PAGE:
Gross domestic product advanced 0.1 percent from November, Statistics Canada said today in Ottawa, compared with 0.2 percent the month before. The gain matched the median forecast in a Bloomberg survey of 23 economists. Retailing gained 0.4 percent and manufacturing fell 0.3 percent.
Bank of Canada David Dodge said last week in his last press conference that the economy, which hasn't had a month of negative growth since September 2006, may soon feel the effects of a slowdown in the U.S. The central bank cut interest rates Dec. 4 and Jan. 22 to spur domestic demand, as a strong currency and credit-market turmoil curb exports to the U.S., Canada's main trading partner.
The Canadian dollar is up 19 percent against its U.S. counterpart in the past 12 months, and touched a record 90.58 Canadian cents per U.S. dollar on Nov. 7. The currency has hurt manufacturers by making their goods more expensive abroad, where they send about half their production. It fell 1.2 percent to C$1.0050 per U.S. dollar at 9:09 a.m. Toronto time.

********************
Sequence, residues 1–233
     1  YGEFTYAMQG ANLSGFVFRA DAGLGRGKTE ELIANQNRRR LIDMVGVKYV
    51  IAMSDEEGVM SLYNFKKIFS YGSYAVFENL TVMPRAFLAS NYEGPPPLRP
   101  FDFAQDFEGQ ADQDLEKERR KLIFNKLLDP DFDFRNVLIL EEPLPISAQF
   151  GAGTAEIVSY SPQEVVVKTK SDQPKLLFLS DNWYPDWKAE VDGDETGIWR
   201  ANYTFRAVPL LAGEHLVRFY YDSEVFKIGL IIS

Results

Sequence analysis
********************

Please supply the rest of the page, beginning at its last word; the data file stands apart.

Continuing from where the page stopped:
The drop in manufacturing, led by cars and primary-metal products, brought the sector's output level to its second-lowest since the beginning of 2007, the agency said. Twelve of 21 sectors tracked by Statistics Canada lost ground, and most of the gains came in manufacturing of non-durable goods.
Retailers benefited from a ``significant'' increase in computer sales in November that boosted their advance from
Gross domestic product increased at an annual rate of 0.6 percent, down from 4.9 percent in the prior three months, the U.S. Commerce Department said yesterday in Washington. The pace of growth was half that forecast in a Bloomberg News survey and the slowest since the first quarter of last year.